Promised reform in insurance sector is ‘incomplete’ – Insurance Ireland
The insurance industry in Ireland has expressed concern about what it calls a lack of urgency in delivering key reforms in the sector that are aimed at reducing claims costs.
Insurance Ireland says promised reform is incomplete and inaction is costing policy-holders.
The call for progress comes exactly two years on from the publication of the first Cost of Insurance Working Group Report.
“Two years ago we cautioned that the publication of the Cost of Insurance Working Group Report in itself would not reduce costs in the market, but the swift implementation of the right policies would,” said Kevin Thompson, CEO of Insurance Ireland in a statement.
“While much important work has been undertaken since, including the findings of the Personal Injuries Commission which established that the average Irish soft-tissue award is now 4.4 times the UK level, the reform of our cost of claims is incomplete.”
Mr Thompson also criticised the absence of a firm timeline for legislation to set-up a Judicial Council and the development of guidelines for the awarding of compensation.
He also said the Personal Injuries Assessment Board Bill, which aims to improve the claims settlement process, has still not passed through the Dáil.
Published in January 2017, the first Cost of Insurance Working Group Report aimed to lead to faster resolution of claims and bring predictability and consistency to the level of compensation awards.
However, the Government has said progress has been made in the area.
It says the average cost of motor insurance has been consistently falling since the middle of 2016, and is down 7.6% in the last 12 months and is 22.7% lower than July 2016.
It says legislation has also recently been passed in the area to give effect to reforms.
Insurance Ireland has said progress is too slow and has suggested that in the absence of a Judicial Council, a contingency mechanism to allow for the judiciary to complete new compensation guidelines should be put in place to help bring down costs.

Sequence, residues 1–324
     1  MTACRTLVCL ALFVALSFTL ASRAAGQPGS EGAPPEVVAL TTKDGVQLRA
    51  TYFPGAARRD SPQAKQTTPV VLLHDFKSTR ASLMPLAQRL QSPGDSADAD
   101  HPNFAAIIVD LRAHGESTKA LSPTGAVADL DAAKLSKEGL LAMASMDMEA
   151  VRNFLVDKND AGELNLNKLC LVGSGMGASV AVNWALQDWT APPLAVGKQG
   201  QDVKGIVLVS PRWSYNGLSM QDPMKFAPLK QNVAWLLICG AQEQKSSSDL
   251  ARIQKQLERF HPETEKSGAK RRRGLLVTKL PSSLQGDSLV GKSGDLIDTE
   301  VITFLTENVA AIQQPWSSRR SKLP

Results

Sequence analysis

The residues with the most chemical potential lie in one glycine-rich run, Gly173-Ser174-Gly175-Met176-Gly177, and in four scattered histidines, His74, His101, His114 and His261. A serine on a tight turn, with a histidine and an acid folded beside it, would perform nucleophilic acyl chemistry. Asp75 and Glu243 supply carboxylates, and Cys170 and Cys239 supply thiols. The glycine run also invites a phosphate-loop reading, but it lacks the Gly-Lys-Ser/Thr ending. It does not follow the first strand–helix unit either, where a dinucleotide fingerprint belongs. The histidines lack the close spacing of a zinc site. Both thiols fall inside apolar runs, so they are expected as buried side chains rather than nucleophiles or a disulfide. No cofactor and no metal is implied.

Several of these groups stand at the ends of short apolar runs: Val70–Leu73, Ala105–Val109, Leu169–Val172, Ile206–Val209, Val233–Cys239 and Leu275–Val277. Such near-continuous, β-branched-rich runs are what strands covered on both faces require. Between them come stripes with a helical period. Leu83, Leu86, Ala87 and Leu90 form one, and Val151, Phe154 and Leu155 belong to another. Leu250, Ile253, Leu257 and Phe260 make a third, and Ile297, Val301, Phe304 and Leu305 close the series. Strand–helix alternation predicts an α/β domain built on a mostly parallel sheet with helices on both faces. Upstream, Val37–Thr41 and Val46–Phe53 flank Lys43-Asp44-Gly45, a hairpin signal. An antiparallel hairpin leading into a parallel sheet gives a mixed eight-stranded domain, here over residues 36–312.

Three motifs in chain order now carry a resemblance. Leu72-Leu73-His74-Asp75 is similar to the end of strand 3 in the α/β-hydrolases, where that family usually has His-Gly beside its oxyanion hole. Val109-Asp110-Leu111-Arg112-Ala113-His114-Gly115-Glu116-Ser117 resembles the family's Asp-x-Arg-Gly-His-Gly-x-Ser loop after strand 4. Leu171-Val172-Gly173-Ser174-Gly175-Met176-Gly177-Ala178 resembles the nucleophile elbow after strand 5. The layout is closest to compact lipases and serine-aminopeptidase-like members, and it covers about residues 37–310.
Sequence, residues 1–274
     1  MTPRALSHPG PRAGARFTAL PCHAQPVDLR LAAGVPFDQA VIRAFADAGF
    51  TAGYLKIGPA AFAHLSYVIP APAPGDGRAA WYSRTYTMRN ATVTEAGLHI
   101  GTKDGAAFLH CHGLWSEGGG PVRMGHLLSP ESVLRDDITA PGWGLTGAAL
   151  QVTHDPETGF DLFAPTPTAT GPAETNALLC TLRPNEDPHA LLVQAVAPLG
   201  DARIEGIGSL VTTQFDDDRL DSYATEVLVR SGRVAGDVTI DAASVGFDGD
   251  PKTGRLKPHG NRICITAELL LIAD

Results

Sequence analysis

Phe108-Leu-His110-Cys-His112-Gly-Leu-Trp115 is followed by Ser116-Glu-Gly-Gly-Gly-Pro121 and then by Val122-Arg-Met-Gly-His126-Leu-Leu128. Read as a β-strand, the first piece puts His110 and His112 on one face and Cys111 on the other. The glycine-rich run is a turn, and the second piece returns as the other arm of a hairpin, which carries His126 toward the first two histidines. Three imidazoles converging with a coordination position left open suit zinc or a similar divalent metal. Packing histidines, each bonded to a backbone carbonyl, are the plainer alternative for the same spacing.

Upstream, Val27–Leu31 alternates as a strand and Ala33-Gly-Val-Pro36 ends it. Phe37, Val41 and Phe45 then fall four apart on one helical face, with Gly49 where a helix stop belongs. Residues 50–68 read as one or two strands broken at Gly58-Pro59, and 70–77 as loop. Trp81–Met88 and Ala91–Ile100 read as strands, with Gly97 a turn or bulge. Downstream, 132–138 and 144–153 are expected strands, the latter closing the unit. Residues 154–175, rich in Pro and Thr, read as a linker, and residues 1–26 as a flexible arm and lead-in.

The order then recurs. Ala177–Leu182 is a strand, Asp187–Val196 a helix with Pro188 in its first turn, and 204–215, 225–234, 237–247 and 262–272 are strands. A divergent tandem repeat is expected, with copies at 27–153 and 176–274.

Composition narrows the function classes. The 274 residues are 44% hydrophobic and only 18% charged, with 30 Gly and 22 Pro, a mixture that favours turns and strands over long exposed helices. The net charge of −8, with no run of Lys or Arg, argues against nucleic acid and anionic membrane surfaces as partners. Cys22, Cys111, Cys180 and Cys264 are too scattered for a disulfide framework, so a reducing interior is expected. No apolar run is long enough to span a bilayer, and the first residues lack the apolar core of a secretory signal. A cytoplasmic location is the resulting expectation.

It has said all those involved in the process of delivering insurance reform have a responsibility to policyholders to maintain a sense of urgency around delivery on the report recommendations.
The calls for action have been supported by members of the insurance industry, including Liberty Insurance.
It said implementation of the reforms are fundamental to ensuring greater stability in the pricing of premiums and to curb insurance fraud.
In particular it called for the immediate establishment of a Garda Insurance Fraud Unit funded by the insurance industry, but independent of it.
It also said ongoing and enhanced education for judges presiding over personal injuries cases is necessary, to ensure greater consistency in the level of compensation awards.
Liberty said an amendment to existing law is also needed to require applicants in personal injuries cases to swear a verifying affidavit that their claims are valid.
It said there should also be civil and criminal penalties in circumstances where it is subsequently found that such claims are false or exaggerated.
The demands came as Allianz Ireland revealed it had challenged over 1,500 claimants in the courts last year.
It estimates that nearly half of all cases it contests are potentially fraudulent and it estimates that an average saving of €20,000 per claimant is made in cases it has won.
The insurer said it now has over 500 suspicious cases awaiting trial dates.
The Minister of State with special responsibility for Financial Services and Insurance says he does not agree with statements made by Insurance Ireland and that there has not been any “foot dragging on the half of the government.”
Michael D’Arcy said it is just four months since the Judicial Council Bill was recommended.
He said he had hoped the bill would have passed through the Dáil by the end of 2018, but as that has not happened he has decided to pursue other options that would enable the implementation of CIWG recommendations.
Mr D’Arcy said he hopes an interim judicial board can be established.
This board, he said, would be able to carry out the work of the council and re-balance the level of awards being paid out.
He added that he believed the current pay outs were too high.
He said he did not accept that a fall in the cost of motor insurance was as a result of an EU investigation, adding that the government has been working on the issues for over two years.
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